Even a partial government shutdown that has most IRS workers furlough won't affect Tuesday's tax deadline.
Tax filers who requested a six month extension back in April must file their taxes by today.
Officials with the Internal Revenue Service say the shutdown hasn't changed that, but it has halted any refund checks until normal government operations resume.
There's also no one there to take calls or answer taxpayer questions, since more than 90 percent of IRS workers are on furlough.
JEFFERSON CITY, Mo. (AP) - Fees will be rising on some consumer loans under a law enacted when Missouri legislators overrode a veto by Governor Jay Nixon.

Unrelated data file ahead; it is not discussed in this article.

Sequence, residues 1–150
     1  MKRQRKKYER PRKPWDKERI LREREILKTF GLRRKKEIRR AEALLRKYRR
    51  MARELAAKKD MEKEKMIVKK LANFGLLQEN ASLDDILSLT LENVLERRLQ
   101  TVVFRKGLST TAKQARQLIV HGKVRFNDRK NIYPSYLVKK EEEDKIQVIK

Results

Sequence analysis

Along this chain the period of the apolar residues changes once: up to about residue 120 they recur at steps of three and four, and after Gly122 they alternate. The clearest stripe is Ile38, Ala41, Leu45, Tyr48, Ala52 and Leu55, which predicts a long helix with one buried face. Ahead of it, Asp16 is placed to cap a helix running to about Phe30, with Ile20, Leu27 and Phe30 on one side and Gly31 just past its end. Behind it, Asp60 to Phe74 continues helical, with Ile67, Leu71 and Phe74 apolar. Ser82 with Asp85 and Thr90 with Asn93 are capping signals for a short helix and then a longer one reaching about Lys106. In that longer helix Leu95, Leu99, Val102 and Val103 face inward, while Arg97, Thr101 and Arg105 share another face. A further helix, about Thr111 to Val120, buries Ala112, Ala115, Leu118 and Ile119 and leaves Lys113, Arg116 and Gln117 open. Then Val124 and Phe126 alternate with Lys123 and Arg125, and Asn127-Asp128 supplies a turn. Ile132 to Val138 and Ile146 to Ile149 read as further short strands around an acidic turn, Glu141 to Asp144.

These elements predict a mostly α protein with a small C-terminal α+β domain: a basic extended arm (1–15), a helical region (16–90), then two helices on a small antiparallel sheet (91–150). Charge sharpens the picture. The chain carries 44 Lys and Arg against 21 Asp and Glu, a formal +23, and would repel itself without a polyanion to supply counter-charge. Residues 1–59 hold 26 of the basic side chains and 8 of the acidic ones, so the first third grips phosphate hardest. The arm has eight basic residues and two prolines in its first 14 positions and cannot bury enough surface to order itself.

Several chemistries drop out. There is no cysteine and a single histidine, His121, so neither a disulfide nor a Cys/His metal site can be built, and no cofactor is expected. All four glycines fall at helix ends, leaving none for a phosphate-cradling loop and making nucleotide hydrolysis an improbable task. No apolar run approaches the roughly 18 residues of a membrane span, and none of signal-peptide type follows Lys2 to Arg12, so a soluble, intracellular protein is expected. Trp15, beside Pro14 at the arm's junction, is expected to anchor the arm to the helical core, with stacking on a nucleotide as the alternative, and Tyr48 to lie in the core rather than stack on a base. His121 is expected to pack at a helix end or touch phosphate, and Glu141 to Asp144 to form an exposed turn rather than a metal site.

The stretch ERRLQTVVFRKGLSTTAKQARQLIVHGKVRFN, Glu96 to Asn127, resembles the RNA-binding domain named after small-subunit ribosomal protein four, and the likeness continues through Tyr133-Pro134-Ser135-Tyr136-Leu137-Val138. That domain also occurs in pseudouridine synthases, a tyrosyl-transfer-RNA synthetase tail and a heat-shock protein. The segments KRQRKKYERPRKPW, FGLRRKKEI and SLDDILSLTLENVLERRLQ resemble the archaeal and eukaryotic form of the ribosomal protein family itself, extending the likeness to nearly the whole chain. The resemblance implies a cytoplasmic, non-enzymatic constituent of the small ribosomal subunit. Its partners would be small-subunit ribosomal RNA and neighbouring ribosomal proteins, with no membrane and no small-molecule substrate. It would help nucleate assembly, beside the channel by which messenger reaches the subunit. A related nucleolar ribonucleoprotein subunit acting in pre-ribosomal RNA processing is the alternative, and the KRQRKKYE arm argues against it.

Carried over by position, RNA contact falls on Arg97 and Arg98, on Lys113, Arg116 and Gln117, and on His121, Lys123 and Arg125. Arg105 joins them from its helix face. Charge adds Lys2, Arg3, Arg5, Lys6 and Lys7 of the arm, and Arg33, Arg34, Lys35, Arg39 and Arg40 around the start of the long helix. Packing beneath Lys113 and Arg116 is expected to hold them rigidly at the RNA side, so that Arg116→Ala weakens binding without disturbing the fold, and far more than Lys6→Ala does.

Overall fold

The fee increase will primarily affect smaller loans that are repaid over several months or years. It's not meant to affect payday loans, which can last no more than 31 days.
The measure doubles the origination fee that lenders can charge from 5 percent to 10 percent of the principal. But it leaves in place a $75 fee ceiling. The means lenders can charge the full 10 percent fee only on loans of up to $750 and can collect a few more dollars on loans of up to $1,500.
Lending industry lobbyists describe it as a minor change. But some consumer advocates don't like the new law.
JEFFERSON CITY, Mo. (AP) - A Republican push to cut Missouri's income taxes faces resistance as lawmakers decide whether to override Gov. Jay Nixon's vetoes.
The Republican-led Legislature convenes Wednesday for a veto override session. The tax cut is the highest profile issue out of Nixon's 33 vetoes.